As if Boyer Slough hasn’t had enough

Why have any codes related to protecting the environment if we are not willing or capable of enforcing them?

By Steve Holt
Reader Contributor

While Bonner County’s decision regarding changing the shoreline code has been seemingly postponed, the county’s ability to completely ignore certain environmental codes is prevalent. Boyer Slough, located just west of Kootenai Point on Lake Pend Oreille, faces numerous water quality issues, including wastewater discharge, agricultural runoff, repeated herbicide application and annual algae blooms. 

Recently, the Lake Pend Oreille Waterkeeper office received a call alerting us about a four-acre parcel that had been completely denuded of vegetation all the way down to the shoreline, including the grading of a road within the shoreline setback. This action by the developer completely runs contrary to the purpose of Bonner County Environmental Standards, Code 7.1, which states its purpose as being, “to preserve both the quality and quantity of Bonner County water resources,” in addition to reducing erosion and sedimentation into waterways. 

Recent changes to the Boyer Slough. Photo courtesy LPOW.

According to the preliminary plat application submitted to Bonner County, the developer is seeking approval of a subdivision consisting of eight single-family lots. Even though the application has not been approved, the removal of trees and vegetation — as well as extensive road grading — have taken place in preparation for residential development. 

Grading, stormwater management and erosion control are all regulated activities by Bonner County Revised Code, which clearly states that it is unlawful for any person or entity to proceed to conduct any activity or initiate construction on any structure — including excavation, site preparation or leveling — without complying with the section and having the required stormwater management and grading plan (BCRC 12-720.2 (F) & 12-720.4). 

It is also clear that at the time of an application for a new subdivision, the applicant shall develop a grading/stormwater management plan to be reviewed concurrently with the subdivision application, which was never done or even applied for (BCRC 12-722.1 (A)(B)). 

If I cited every code that was in violation or contrary to BCRC I would use up my entire word count. However, if you’re jonesing for some reading pleasure, you might start with these: Subchapter 7.1 — Shorelines, Subchapter 7.2 — Grading, Stormwater Management and Erosion Control.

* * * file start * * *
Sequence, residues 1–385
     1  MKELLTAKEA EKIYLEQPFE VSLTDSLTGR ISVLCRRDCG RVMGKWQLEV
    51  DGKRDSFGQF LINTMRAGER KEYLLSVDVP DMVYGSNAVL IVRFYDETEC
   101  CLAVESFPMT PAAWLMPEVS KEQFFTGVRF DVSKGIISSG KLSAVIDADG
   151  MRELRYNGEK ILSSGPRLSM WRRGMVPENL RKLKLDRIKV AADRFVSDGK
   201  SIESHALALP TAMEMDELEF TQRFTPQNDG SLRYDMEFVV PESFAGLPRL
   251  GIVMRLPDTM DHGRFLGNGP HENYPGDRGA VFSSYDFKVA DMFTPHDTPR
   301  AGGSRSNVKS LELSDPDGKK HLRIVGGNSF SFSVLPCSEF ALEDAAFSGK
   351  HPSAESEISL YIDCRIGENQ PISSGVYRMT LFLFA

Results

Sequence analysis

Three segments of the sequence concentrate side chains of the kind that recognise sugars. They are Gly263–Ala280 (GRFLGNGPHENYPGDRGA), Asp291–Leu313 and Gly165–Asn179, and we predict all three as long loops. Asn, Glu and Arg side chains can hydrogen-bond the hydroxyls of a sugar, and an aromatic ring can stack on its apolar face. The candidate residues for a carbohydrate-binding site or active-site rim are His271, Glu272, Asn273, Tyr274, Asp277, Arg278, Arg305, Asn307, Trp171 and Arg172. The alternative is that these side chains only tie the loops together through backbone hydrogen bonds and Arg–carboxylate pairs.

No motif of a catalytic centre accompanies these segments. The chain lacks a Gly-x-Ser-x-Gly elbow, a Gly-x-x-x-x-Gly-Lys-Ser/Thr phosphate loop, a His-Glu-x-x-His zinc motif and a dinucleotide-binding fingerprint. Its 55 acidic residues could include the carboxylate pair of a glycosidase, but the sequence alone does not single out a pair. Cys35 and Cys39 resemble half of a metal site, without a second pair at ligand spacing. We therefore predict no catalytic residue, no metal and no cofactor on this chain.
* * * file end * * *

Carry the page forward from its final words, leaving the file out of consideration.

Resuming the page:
After all this, one would think that bringing awareness to the county would elicit some sort of action. I suppose we should think again. After spending a significant amount of time on the phone with the county planner, compliance officer and their superior — as well as submitting an official complaint along with other neighboring property owners — I’m sorry to say that we have gotten virtually nowhere. At one point I was actually told there was a fine line between what was occurring and a logging operation, not requiring a permit, and not much they could do. 

There is a fine line: It’s the 40-foot setback and respect for the vegetative buffer. It’s working closely with developers to make sure they understand when and what they can and can’t do, before it happens. The developer also should have also been informed by the county that the preparation for the subdivision is subject to the EPA’s General Construction Permit, as it disturbs more than one acre of land adjacent to the shoreline and that needs to be applied for, as well. 

With all of this one would have to ask: Why have any codes related to protecting the environment if we are not willing or capable of enforcing them? Which codes will the county be ignoring next? 

While the overall water quality of Lake Pend Oreille is healthy, we all need to stay vigilant in advocating for clean water in order to prevent the degradation of our precious aquatic resources. 

Several months ago, the county requested certain stakeholders to submit comments regarding what types of development within the shoreline setback and vegetative buffer that they would be comfortable adding. A number of organizations submitted comments suggesting we not only needed to hold onto the limitations that already exist, but to bolster the code and adopt a more comprehensive enforcement strategy. That seemed to have silenced the county for the moment, but I anticipate that the topic will be returning shortly. 

These codes are designed to maintain water quality, reduce the potential for nutrients entering our waterways, protect fish and wildlife habitat, and preserve our drinking water sources. If we are not steadfast in our belief that water quality is important and participate in the discussion, we fear the potential loss and/or complete disregard for the few laws assisting us in the fight for clean water will simply disappear. 

If you are interested in finding out additional information on this topic please feel free to contact our office at 208-597-7188 or send an email to [email protected]. 

Steve Holt is executive director of Lake Pend Oreille Waterkeeper.

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